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Romanian President Survives Referendum

  • RFE/RL

Romanian President Traian Basescu

Romanian President Traian Basescu

Romanian election officials say a referendum on whether to impeach President Traian Basescu is invalid because of low voter turnout.

The Central Election Bureau estimates that turnout in the July 29 vote was just under 46 percent.

By law, the referendum required participation by at least half of eligible voters to be valid.

Basescu, who had urged a boycott of the vote, said on national television late on July 29 that Romanians had "invalidated the referendum by not participating."

It was not immediately clear how many voters called for Basescu to leave office, although exit polls suggested about 80 percent of those who did vote supported the call for his impeachment.

The referendum came after Romania's center-left government, led by Prime Minister Victor Ponta, moved to suspend Basescu on claims he exceeded his authority and meddled in government affairs.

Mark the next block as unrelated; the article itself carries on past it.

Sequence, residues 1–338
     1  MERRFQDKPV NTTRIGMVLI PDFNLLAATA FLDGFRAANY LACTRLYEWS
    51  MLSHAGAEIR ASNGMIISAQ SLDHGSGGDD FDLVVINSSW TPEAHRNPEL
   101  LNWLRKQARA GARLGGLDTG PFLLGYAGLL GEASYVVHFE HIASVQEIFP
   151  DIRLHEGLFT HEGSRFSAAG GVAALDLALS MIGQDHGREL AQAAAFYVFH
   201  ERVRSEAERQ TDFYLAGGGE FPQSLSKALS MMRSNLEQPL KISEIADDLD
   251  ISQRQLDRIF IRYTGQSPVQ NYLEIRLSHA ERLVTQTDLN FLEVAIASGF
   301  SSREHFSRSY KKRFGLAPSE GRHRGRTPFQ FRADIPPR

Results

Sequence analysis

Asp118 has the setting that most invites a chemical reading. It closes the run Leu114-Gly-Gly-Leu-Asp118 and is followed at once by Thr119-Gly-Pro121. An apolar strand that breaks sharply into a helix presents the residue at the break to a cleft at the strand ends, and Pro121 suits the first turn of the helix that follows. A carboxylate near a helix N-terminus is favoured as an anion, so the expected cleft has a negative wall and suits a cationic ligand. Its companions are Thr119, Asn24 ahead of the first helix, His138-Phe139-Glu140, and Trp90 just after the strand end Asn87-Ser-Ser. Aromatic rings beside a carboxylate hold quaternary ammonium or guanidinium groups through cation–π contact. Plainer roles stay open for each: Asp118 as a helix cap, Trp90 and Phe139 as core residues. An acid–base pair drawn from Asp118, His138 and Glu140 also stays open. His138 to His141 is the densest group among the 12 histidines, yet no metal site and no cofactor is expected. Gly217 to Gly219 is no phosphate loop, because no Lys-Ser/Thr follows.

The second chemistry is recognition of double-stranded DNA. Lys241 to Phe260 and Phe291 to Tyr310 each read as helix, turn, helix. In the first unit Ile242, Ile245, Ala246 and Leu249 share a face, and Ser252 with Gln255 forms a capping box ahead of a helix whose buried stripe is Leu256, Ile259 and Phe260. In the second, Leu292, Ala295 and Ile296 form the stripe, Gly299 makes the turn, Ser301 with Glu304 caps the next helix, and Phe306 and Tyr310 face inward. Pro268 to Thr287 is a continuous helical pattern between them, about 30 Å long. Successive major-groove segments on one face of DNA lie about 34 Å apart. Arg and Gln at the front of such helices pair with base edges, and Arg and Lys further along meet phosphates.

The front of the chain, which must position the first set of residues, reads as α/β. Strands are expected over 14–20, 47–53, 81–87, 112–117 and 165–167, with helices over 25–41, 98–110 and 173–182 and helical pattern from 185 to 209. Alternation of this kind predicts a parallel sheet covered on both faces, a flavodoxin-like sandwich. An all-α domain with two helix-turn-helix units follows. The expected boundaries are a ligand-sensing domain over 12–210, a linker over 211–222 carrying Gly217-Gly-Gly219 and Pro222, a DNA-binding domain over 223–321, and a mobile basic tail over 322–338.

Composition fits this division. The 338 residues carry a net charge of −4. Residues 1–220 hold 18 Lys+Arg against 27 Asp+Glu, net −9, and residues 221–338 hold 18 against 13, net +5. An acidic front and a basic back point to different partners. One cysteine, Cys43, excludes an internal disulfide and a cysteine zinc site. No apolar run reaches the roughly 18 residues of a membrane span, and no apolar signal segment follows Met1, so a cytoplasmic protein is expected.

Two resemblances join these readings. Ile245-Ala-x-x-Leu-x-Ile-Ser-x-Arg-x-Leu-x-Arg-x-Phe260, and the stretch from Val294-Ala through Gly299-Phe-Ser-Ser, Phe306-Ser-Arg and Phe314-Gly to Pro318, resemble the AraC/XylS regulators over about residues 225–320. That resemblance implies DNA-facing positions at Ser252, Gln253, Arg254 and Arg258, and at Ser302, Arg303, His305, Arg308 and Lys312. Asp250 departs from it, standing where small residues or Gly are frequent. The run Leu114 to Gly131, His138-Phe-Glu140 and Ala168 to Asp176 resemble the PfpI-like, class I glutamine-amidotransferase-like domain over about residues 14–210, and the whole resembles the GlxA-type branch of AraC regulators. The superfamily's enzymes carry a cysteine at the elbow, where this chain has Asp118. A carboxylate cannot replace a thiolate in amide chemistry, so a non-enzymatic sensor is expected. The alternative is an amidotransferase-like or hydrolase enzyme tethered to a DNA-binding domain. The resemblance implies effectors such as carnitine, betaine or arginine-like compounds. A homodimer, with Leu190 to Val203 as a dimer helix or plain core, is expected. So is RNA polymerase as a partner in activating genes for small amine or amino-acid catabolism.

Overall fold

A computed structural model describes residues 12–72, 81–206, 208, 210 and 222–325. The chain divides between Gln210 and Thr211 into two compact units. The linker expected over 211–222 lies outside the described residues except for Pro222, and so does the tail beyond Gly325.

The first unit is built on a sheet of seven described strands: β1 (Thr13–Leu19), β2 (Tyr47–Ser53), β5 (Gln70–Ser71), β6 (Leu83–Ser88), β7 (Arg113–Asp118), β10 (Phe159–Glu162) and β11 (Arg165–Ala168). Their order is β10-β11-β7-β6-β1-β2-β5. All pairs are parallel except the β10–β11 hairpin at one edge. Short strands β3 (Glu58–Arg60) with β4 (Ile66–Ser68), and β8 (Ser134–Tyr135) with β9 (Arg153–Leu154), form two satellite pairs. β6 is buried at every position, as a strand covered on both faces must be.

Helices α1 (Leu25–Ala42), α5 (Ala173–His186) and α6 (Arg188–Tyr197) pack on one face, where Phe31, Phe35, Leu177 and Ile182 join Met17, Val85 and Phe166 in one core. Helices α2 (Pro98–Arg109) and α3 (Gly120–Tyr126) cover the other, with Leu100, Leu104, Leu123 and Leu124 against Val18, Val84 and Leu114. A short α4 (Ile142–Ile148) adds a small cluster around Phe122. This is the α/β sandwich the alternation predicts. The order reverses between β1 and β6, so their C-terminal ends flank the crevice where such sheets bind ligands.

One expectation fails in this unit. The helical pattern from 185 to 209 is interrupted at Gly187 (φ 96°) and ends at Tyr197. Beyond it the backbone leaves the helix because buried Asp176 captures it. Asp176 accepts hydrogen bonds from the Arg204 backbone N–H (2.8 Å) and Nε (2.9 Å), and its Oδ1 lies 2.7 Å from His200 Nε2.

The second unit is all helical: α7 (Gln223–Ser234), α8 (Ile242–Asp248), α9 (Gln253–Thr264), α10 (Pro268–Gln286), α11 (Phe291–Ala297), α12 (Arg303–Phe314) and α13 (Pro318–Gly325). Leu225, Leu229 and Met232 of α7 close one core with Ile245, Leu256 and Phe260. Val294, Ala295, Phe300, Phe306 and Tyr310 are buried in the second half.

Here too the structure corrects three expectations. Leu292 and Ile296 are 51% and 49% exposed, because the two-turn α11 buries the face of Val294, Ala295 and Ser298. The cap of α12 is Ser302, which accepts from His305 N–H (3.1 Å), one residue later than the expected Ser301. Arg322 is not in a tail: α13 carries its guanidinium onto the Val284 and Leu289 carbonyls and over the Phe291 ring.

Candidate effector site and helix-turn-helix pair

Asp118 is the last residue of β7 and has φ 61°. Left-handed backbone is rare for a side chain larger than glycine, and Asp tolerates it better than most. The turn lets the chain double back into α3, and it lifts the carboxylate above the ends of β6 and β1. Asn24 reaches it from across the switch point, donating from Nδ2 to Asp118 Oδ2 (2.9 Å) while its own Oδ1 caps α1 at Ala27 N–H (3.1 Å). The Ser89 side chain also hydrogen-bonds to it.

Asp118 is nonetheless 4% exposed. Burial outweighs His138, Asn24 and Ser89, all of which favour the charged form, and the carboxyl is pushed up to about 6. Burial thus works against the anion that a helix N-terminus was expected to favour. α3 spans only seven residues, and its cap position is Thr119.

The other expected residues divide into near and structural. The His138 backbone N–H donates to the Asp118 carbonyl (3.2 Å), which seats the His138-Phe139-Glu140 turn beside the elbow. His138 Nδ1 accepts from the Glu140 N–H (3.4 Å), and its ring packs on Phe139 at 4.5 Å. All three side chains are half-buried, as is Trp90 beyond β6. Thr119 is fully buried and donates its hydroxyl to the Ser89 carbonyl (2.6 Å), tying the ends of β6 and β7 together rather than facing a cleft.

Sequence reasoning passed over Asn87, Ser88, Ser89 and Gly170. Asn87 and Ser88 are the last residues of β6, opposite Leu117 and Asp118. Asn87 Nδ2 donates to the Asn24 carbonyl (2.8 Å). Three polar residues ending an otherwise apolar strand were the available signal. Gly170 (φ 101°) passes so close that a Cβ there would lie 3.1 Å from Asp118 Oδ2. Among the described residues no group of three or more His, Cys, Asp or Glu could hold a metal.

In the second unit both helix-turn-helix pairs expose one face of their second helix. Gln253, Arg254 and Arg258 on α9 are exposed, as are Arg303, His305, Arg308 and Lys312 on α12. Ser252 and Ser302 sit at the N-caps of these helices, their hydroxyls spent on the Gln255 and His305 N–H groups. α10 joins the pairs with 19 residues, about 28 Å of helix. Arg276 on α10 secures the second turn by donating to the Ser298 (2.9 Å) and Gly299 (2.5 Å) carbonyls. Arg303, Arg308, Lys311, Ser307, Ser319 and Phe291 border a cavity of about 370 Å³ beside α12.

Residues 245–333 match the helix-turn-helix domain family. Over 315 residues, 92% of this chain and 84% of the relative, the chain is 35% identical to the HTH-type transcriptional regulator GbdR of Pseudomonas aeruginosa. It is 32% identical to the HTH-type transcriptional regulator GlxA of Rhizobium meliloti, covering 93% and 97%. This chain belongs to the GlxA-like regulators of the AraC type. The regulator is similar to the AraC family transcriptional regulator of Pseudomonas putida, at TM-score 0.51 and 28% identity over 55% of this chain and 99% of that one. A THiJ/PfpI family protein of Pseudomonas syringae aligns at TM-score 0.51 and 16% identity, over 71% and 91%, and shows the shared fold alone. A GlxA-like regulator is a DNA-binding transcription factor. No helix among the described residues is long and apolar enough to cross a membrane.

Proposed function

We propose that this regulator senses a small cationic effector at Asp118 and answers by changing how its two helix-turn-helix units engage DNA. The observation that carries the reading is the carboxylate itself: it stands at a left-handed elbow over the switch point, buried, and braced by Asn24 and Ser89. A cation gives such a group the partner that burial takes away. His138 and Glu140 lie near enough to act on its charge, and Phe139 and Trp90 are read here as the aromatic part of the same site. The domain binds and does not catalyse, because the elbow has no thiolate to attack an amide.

Opinion polls before the vote showed that some 65 percent of Romanians wanted to remove Basescu, who was elected to a second five-year term in 2009.

Ioana, a voter outside a polling station in the capital, Bucharest, said she supported the move to oust Basescu, who has backed unpopular austerity measures and has faced frequent allegations of cronyism and corruption.

"I voted 'yes' for the sake of this country," she said.

Prime Minister Victor Ponta

Prime Minister Victor Ponta

Once official results confirm turnout is lower than 50 percent, the referendum will be declared invalid and Basescu will be reinstated.

A successful referendum would have sent the country into fresh presidential elections within the next three months.

That move could potentially have delayed parliamentary elections currently expected in November.

The squabble over Basescu has meant weeks of delays in political decision-making. It has sent the national currency plummeting and raised doubts about the fate of Romania's 5-billion-euro aid deal from the International Monetary Fund.

It has also angered the European Union and the United States, who accused Ponta of undermining rule of law and intimidating judges in his drive to see Basescu removed from office.

Despite Basescu's unpopularity, the referendum angered many Romanians. Voter Leopold says the political infighting is stealing attention and resources away from the more pressing economic issues facing the country.

"We are spending 100 million lei (23 million euros), instead of helping poor children and people. It wasn't necessary to have this referendum," he said. "Mr. Basescu should realize it and resign."


With reporting by AP, AFP, the BBC, and Reuters

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